'Counselling' and 'Counselling Psychology' are not synonymous terms, though they do share elements of their history. Here we explore how Counselling Psychology is in many ways superior, as it brings a scientific evidence base to the art of counselling.
The therapy balanced on the art-science interface
‘Counselling’ and ‘Counselling Psychology’ are two closely related disciplines. Though both are talking therapies and share the quality of providing a safe space in which the client can explore their thoughts and feelings, Counselling Psychology combines this with knowledge drawn from a rigorous psychological evidence base.
Counselling Psychologists at The House are all registered with the Health Professions Council and have had extensive training to doctoral level. This makes them much more able to explore issues in depth, working in ways that have been proved to be very effective.
Counselling Psychology’s roots are therefore twofold: the ‘Counselling’ component can be seen as informed heavily by Humanistic and Existential Psychology, and the ‘Psychology’ component by empirical research-based methods:
The term ‘Counselling’ is thought to have been invented by Carl Rogers, one of the founders of the Humanistic approach. This was developed in the 1950s as a reaction to the perceived failings of Psychoanalysis and Behaviourism, both of which were very fashionable amongst practitioners at that time.
Where psychoanalysts thought that ‘unconscious motivations’ drive behaviour, behaviourists proposed that ‘conditioning’ (learning) processes serve this purpose. Rogers and his therapist peers felt that both these approaches were too pessimistic, both largely failing to take into account the important role of personal choice. They decided to focus instead on each individual’s potential, and stressed the importance of growth and self-actualization.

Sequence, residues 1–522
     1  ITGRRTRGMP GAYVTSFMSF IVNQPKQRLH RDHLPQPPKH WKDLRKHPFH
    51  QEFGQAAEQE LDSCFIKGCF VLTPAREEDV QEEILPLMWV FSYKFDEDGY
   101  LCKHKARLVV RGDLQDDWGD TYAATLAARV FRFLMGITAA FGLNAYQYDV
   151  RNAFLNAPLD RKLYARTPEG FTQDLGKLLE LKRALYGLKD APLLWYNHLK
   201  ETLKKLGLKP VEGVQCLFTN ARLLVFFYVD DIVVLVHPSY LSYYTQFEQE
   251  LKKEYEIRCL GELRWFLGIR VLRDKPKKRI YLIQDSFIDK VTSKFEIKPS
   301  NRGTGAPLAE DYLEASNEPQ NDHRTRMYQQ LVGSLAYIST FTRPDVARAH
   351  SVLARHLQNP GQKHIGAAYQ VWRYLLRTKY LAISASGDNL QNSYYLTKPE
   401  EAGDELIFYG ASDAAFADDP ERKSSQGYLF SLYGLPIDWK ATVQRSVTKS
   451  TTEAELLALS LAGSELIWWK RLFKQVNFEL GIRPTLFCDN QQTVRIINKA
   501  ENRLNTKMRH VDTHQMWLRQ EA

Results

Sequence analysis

Humanistic Psychology and, in turn the Counselling Psychology that it inspired both move beyond medicalized conceptions to a non-pathologised view of the person. This is something that is at the heart of The House Partnership ethos: our therapists are not interested in labelling or categorizing their clients as ‘well’ or ‘unwell’: instead the focus is on each person’s personal concerns, needs and aims in a manner characterised by empathy.
Where Counselling Psychology deviates from this early work of Rogers et al is in its insistence that therapeutic practice should be informed by a strong evidence base drawn from replicated research: Counselling Psychology recognises the importance of clear conceptual frameworks in which research can develop and practice can be evaluated.
It is not enough to ‘guess’ that therapy is working: we have to know scientifically that this is so. This is exemplified by the practice of continuing supervision. Training for our Counselling psychologists is not a ‘one shot’ affair: they regularly (and anonymously) review and reflect on their work and practice with professional peers to ensure that what they are doing remains exemplary.
In this way, in its blending of emphases on the subjective human experience and the objective domain of research and evidence, Counselling Psychology can be thought of as the perfect blend of art and science, enabling exploration of concepts such as love, meaning, existential purpose and truth (the traditional domains of Philosophy), but blending this with the rigorous empirical techniques of the science of Psychology.